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Easton Myers
Easton Myers

Toolkit Download For Windows 10


After you download and extract the contents of the self extracting compressed file, MDT_KB4564442.exe, use the following steps to replace the original files on any affected computers with the Microsoft Deployment Toolkit installed.




Toolkit download for windows 10


Download: https://www.google.com/url?q=https%3A%2F%2Fgohhs.com%2F2u8qnm&sa=D&sntz=1&usg=AOvVaw0xZNXZ6wnD9gHMKjzumq-V



TheOracle Technology Network License Agreementfor Oracle Java SE is substantially different from prior Oracle JDK 8 licenses. This license permits certainuses, such as personal use and development use, at no cost -- but other uses authorized under prior Oracle JDKlicenses may no longer be available. Please review the terms carefully before downloading and using this product.FAQs are availablehere.


These downloads can be used for development, personal use, or to run Oracle licensed products. Use for otherpurposes, including production or commercial use, requires a Java SE subscription or another Oracle license.


You are ready to use two short demos to see the results of running the Intel Distribution of OpenVINO toolkit and to verify your installation was successful. The demo scripts are required since they perform additional configuration steps. Continue to the next section.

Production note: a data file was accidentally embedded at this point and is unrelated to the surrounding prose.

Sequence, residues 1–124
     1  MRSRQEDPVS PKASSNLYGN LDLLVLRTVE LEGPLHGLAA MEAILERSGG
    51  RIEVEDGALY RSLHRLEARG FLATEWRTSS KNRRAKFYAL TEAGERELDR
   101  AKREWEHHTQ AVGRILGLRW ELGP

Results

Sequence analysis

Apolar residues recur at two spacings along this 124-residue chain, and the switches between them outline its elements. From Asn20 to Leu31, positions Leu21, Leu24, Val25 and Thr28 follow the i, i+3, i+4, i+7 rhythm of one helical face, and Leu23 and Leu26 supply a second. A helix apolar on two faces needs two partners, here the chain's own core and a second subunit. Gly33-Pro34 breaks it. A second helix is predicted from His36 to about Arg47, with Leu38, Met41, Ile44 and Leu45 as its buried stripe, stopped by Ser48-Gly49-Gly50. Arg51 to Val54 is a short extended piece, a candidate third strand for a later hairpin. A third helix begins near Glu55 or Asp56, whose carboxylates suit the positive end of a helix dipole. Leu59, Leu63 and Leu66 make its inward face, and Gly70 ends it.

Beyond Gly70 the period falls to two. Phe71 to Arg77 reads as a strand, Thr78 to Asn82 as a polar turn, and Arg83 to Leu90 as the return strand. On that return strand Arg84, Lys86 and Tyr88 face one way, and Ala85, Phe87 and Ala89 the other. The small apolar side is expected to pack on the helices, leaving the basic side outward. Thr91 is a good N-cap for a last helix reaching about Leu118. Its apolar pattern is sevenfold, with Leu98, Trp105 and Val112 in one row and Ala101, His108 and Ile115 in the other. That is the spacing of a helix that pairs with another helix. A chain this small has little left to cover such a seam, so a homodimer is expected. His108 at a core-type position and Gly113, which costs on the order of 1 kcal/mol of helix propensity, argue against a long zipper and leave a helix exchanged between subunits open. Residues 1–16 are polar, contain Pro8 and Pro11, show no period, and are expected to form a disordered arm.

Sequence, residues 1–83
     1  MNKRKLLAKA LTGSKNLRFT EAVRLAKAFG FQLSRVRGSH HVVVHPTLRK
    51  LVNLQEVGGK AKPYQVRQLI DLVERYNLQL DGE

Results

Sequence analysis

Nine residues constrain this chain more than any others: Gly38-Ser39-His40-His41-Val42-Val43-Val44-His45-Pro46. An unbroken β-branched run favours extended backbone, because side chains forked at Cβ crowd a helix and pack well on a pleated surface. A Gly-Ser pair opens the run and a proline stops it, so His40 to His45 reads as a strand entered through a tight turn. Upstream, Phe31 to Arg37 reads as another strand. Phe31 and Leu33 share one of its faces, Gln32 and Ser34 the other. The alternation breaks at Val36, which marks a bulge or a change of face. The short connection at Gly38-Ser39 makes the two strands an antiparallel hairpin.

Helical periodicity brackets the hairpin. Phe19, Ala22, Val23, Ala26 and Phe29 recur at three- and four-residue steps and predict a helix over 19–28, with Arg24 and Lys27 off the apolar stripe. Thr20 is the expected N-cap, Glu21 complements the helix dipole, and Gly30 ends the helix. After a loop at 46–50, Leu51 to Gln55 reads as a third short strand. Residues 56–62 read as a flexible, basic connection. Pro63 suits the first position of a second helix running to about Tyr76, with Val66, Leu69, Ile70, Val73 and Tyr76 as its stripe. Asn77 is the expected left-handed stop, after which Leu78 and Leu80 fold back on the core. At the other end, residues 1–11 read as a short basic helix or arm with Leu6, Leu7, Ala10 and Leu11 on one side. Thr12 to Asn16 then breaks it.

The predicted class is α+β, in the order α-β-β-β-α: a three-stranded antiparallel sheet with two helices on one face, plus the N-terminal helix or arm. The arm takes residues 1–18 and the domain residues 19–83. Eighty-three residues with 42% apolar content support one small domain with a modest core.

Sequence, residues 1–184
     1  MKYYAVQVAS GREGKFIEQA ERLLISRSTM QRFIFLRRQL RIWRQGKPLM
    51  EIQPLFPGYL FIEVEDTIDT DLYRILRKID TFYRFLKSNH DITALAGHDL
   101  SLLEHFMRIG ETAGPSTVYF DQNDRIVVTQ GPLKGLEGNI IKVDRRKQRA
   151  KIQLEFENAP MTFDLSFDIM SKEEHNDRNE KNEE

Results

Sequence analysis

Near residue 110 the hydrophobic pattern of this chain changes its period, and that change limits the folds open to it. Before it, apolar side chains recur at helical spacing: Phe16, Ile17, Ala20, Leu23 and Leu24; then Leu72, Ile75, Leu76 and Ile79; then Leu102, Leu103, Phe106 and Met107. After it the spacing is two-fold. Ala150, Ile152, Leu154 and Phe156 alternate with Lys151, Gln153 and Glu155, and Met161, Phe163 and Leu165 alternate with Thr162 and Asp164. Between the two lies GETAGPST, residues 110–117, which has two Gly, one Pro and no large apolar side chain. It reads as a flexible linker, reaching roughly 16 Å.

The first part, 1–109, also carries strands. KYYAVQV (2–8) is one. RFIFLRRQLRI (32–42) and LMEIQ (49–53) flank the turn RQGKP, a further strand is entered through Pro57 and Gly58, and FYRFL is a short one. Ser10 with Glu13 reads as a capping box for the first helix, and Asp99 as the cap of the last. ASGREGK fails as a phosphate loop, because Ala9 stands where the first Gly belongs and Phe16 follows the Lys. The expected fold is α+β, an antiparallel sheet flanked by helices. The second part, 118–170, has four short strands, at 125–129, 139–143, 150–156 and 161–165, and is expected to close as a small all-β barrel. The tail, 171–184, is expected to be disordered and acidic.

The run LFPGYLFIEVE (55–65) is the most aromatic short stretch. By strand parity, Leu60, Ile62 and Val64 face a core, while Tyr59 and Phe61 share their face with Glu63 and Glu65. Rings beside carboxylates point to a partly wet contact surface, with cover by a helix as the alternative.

This script downloads three pre-trained model IRs, builds the Security Barrier Camera Demo application, and runs it with the downloaded models and the car_1.bmp image from the demo directory to show an inference pipeline. The verification script uses vehicle recognition in which vehicle attributes build on each other to narrow in on a specific attribute.


IMPORTANT: This section requires that you have Run the Verification Scripts to Verify Installation. This script builds the Image Classification sample application and downloads and converts the required Caffe* Squeezenet model to an IR.